Stories behind the songs

by Bob Shannon, Bill Brent & Fred Clemens  


The Lion Sleeps Tonight 1961    

            This is the story of an African doo-wop song. Its original title was “Mbube,”  (pronounced EEM-boo-beh) which means “Lion,” and it was sung with a haunting Zulu  refrain that sounded, to English-speaking people, like “wimoweh.” “Mbube” was a big  hit in what is now Swaziland; it sold nearly 100,000 copies in the 1940s by its  originator, South African Solomon Linda.  Linda had written it based on a boyhood  experience chasing lions that were stalking the family's cattle, and recorded the  tune in 1939 with his group the Evening Birds. It was so popular that Zulu choral  music became known as “Mbube Music”. Then it passed into the broad field of  “folk”  music, albeit by an indirect route. The South African recording company sent it along  with some other 78s to Decca Records in the U.S.  Decca wasn't interested, but folk historian and musicologist Alan Lomax was. He took the records to Pete Seeger, of the American folk group the Weavers. Seeger was enchanted by “Mbube”, especially the  refrain which sounded to him like “awimbooee” or  “awimoweh”  (it was actually  “uyimbube” in Zulu).    

    The Weavers (led by Gordon Jenkins' Orchestra) adapted it into a Top 15 hit in  1952, as “Wimoweh”.  It was basically an instrumental with the group singing “wimoweh” over and over, with other vocal flourishes.  The tune really took off in the Weavers'  live version at Carnegie Hall in 1957. Linda was not credited as the writer; that honor  went to “Paul Campbell”, a pseudonym for the group. However, when the Kingston Trio  released their version in 1959 (on the From the Hungry i LP) the writer credit was  listed as “traditional; adapted and arranged by Campbell-Linda.” Meanwhile, Linda died  with only $25 in his bank account; his heirs are still pursuing royalties from the song  that is perhaps one of the most well-known worldwide hits. The complete story, too long  to be included here, was thoroughly documented in an amazing work of scholarship by Rian  Malan, in Rolling Stone, May 25, 2000 ("In the Jungle"). Luckily, it can be read online  at 3rd Ear Music.  

    THE STORY: In New York City, there was a doo-wop group called the Tokens. They  had originated in a Brooklyn high school with Neil Sedaka as the lead singer, but when  Sedaka left to become a solo star, they broke up. Only Hank Medress was left; he put a  new quartet together with Jay Siegal and the Margo brothers, Phil and Mitch. Then they  went out, got a recording contract with Warwick Records, and turned out a doo-wop hit  called “Tonight I Fell In Love” (“Dom-dooby-dom-wo-oh, dooby dooby”). It hit #15 on the  national charts.  

    A few months later, the Tokens had a chance to move up in the world. They were  offered an audition with the top RCA production team of Hugo (Peretti) and Luigi (Creatore).  And what song did these doo-woppers pick to audition with? “Wimoweh.” Like much of America  in 1961, they were caught up in the folk music boom. Jay Siegal explains: “I loved folk  music and discovered ‘Wimoweh’ on the album The Weavers at Carnegie Hall. We used to sing  it for our own pleasure, and everybody loved it...We thought we were going to be another  Kingston Trio or Highwaymen.”       Hugo and Luigi were impressed, but they decided the song needed new lyrics. With  George Weiss, they keyed in on the tune’s origins and wrote “The Lion Sleeps Tonight.”   “They thought it was fantastic,” Jay says, but  “the rest of the group didn’t want it to  come out. They were embarrassed by the title; it sounded so ridiculous. We were purists  then.”  Despite their objections, the Tokens recorded the romanticized version in May  1961 at RCA Studios on 23rd Street in Manhattan. Classically-trained singer Anita Darian  supplied the high soprano during the sax solo and as the counter melody to the lead vocal.  Darian has a four-octave vocal range, and has sung everything from opera to television  jingles in her long career. The year before the Tokens' session (1960) she had recorded a rare album of Near and Middle Eastern songs called East of the Sun (Kapp KS-3052/KL-1168).  Anita still performs today and was featured in a 2003 Cabaret Festival in New York City.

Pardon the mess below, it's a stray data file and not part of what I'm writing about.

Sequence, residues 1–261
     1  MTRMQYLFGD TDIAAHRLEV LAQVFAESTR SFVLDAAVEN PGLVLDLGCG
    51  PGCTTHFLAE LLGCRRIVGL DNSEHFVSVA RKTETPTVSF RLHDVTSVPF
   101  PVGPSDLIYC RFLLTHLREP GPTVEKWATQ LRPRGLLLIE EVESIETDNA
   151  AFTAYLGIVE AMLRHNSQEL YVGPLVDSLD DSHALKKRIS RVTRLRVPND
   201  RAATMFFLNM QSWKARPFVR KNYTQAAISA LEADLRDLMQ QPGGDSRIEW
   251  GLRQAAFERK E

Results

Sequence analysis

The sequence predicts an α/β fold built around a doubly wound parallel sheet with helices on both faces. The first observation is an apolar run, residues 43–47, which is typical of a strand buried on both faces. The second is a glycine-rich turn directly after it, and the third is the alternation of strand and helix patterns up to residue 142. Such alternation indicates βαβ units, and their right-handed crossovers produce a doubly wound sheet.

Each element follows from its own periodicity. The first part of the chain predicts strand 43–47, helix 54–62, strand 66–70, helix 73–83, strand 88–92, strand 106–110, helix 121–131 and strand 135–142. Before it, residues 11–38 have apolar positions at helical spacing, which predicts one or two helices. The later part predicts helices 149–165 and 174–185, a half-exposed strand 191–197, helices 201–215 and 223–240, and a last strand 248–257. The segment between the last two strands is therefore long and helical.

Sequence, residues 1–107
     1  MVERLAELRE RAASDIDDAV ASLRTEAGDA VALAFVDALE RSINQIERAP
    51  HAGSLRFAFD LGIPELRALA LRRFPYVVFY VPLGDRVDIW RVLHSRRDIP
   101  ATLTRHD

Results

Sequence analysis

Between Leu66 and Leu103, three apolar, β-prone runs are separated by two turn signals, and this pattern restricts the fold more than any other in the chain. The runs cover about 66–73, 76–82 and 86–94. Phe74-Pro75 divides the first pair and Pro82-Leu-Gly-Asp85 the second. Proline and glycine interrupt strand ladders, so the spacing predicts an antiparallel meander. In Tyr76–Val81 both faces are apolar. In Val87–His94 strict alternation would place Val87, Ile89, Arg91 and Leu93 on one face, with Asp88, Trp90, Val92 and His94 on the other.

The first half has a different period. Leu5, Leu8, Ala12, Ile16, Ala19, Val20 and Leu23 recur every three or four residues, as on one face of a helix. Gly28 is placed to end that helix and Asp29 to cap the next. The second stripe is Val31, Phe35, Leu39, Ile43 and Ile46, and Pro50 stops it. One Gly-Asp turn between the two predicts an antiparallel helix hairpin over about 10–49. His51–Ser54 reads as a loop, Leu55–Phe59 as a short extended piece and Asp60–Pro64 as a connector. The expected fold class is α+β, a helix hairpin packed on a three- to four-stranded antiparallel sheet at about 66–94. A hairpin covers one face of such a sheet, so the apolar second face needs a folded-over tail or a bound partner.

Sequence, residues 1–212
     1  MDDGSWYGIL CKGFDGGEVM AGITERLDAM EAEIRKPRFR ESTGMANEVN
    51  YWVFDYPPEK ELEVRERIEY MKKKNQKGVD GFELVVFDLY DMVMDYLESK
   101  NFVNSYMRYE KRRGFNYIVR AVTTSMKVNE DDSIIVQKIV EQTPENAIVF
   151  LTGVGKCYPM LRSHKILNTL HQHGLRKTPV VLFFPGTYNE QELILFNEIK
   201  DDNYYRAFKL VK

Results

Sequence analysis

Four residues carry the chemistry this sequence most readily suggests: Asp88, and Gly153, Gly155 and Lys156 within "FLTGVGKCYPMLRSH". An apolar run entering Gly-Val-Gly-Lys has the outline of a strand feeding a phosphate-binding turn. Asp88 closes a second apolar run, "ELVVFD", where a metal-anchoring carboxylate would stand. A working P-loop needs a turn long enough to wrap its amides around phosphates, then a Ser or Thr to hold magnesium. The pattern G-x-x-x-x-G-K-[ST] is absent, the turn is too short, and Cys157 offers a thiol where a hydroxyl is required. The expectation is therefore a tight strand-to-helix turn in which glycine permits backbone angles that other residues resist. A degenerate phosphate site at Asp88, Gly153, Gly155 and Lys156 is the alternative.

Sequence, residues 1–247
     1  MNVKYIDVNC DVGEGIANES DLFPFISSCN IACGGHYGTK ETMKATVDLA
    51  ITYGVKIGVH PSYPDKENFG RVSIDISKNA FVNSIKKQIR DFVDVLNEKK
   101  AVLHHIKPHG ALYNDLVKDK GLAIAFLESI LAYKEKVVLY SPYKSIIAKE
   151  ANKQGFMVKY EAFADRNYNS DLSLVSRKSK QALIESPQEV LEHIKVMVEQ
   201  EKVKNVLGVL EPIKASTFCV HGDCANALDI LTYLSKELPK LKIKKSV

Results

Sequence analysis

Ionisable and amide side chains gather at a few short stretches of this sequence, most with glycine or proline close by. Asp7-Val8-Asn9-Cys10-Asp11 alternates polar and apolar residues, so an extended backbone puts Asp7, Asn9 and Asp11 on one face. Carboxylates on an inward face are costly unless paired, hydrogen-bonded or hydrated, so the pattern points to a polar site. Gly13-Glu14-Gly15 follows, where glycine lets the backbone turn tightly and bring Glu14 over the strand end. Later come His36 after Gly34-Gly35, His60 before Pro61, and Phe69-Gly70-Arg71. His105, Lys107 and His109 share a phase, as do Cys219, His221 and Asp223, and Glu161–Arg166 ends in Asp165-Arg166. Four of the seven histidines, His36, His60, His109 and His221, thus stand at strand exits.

The session also yielded another folk song, this time from Portugal, called “Tina.”  RCA promoted that side, and it started to get airplay in New York on deejay Murray the K’s  radio show. Jay recalls: “I had gotten married when we had just recorded the record. When  I got back I took a job. Two or three weeks later we heard from a manager or lawyer who  said, ‘Quit your job. The record is going to be a smash.’ ”  

    But it was the B side that was starting to sell. In the interim,  Dick Smith of  WORC in Worcester Massachusetts, had flipped the Tokens’ record over and began playing  “The Lion Sleeps Tonight.” By November it was on the national charts, and reached #1 by  Christmas time. “We weren’t embarrassed anymore” says Jay.  

    FOR THE RECORD: After this smashing success, the Tokens’ career took a different  course. They began producing records, not singing them [ “He’s So Fine”, “Tie a Yellow  Ribbon”, “Knock Three Times”]. Then late in 1971, exactly ten years after the first “Lion”  captured the American audience’s ear, he began roaming the airwaves once more, in a  note-for-note duplicate by Robert John that reached the Top 10 and sold a million copies  again. Although Hank Medress is the only one credited, the Tokens actually produced their  own comeback. Both Jay and Mitch sang on the new record, with songwriter Ellie Greenwich,  amazingly, singing bass. Jay Siegal: “We did not put our names on as the Tokens because  we thought radio people and program directors would not believe it was another person  singing if they saw that we produced it (it really was Robert John singing, by the way).”